I iced the entire leg and took myself to the doctor. I was sent for X-ray and a number of ultrasound tests including DVT (Deep Vein Thrombosis).  That one gave me pause as you are talking probable serious repercussions if there is a clot.    My doctor called as soon as she had some results to say: “I am happy to tell you that there is no clot, however you have a Baker’s  …ist (mumble) behind the knee.”

“Baker’s yeast?”  I asked incredulously.

“No, no, it is called Baker’s CYST”.

I had never heard of this.  She told me she would be referring me to an Orthopaedic surgeon and in the meantime I was to follow the RICE formula.

I was surprised how many people knew about Baker’s Cysts, how many had had it or knew people who had.  I had read up on it and was praying that it would heal itself as can and does happen.  One acquaintance gleefully informed me that she had had the needle aspiration and showed me the length of the needle that in my apprehensive state seemed to be at least a foot.  Yikes!

As is always the case, my Lifers were among my best support.  Outpourings of love and practical offerings and advice came from each one.  I emailed my thanks, explaining that I was being good and that RICE was helping. Jay wrote to ask what RICE was. I explained it was an acronym for Rest, Ice, Compression, Elevation, the method used in First aid to relieve pain and swelling and to promote healing and flexibility. Here are excerpts of messages which followed:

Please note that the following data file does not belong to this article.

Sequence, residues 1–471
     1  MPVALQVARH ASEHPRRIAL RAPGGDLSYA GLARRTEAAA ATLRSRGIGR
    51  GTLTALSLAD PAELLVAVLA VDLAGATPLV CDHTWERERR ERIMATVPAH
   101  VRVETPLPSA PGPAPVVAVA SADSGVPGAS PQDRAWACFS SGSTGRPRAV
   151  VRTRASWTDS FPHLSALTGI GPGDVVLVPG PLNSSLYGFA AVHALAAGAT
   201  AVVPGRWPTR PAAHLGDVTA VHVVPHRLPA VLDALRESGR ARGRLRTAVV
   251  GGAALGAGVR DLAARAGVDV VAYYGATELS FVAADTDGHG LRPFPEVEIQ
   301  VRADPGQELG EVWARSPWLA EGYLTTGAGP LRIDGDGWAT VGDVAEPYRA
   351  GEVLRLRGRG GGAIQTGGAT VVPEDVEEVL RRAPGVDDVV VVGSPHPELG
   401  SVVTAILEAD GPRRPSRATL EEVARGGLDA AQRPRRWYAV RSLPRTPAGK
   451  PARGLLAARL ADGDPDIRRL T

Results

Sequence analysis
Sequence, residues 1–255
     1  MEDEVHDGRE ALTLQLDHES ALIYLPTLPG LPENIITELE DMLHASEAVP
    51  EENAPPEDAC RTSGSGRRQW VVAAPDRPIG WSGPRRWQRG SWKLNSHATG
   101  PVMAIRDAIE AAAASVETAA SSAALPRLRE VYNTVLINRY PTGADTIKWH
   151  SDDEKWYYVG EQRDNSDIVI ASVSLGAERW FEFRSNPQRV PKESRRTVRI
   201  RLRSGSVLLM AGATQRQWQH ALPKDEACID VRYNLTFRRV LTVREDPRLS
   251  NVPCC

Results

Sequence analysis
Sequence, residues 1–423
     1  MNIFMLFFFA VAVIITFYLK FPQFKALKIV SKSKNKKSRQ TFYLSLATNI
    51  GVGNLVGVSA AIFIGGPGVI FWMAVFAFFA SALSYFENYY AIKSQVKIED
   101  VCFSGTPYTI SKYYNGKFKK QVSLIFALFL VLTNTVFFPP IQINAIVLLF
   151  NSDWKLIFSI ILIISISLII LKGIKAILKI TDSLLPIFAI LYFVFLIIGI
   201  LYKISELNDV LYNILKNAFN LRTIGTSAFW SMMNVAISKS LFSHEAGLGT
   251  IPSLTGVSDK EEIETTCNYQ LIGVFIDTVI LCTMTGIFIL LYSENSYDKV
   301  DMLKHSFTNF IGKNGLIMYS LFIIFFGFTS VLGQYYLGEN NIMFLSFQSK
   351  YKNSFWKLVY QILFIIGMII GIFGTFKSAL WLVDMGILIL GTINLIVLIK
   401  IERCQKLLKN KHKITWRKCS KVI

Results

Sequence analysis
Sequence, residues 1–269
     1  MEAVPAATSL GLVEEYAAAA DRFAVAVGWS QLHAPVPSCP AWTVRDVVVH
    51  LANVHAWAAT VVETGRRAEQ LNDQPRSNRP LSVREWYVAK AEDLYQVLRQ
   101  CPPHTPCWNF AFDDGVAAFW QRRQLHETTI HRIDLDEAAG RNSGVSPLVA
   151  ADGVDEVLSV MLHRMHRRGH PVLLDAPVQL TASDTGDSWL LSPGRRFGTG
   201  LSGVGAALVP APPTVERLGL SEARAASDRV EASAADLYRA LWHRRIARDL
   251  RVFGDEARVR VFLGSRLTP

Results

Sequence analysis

Jay: “I thought you were eating the rice…I don’t think my neighbours, knew that either …  her doctor put her on a rice diet and she asked me if I had any rice, actually she was on rice and bananas and I wonder if her rice was the same as your rice  haha. I gave her some rice and never gave it a second thought, but now I wonder 

Me: “Now, that’s is hilarious!  Given my experience with aches and pains – rolled ankle, banged up elbow, I am quite familiar with RICE.  By the way I also like rice.  Did your neighbour have any swelling, inflammation, or sore joints? If yes, then it is not the diet but the acronym.  If no, then perhaps her doctor did mean her to eat rice.  Will you ever know for sure?  HaHaHa.” 

Jay: “Might even be funnier than that …  she had diarrhea in a bad way for nearly 6 weeks!  Bananas and rice was  prescribed.” 

Me: “I am almost falling off the chair….definitely the diet​…bananas and rice for diarrhea!” 

Out of curiosity, I look up R.I.C. E. on the internet. I finished falling off my chair as in the middle of explaining the first aid procedure the next heading in the stream was varieties of rice;  It informed me that in the US long grain rice is used for boiling, quick cook products and soup; short grain for cereals, baby food, beer and liquors.

This was followed immediately by ‘do not put ice directly on the skin’  then without skipping a beat or establishing a discernible logical connection the next heading was Inflammation fighting foods  which did NOT include rice but had broccoli and wild caught salmon in the mix. I thought, here is a complete dinner and was feeling quite full and drunk too from the long grain liquor when I was suddenly brought back on topic by the next heading: what is rice used for in first aid and was back to athletic injuries and the formula.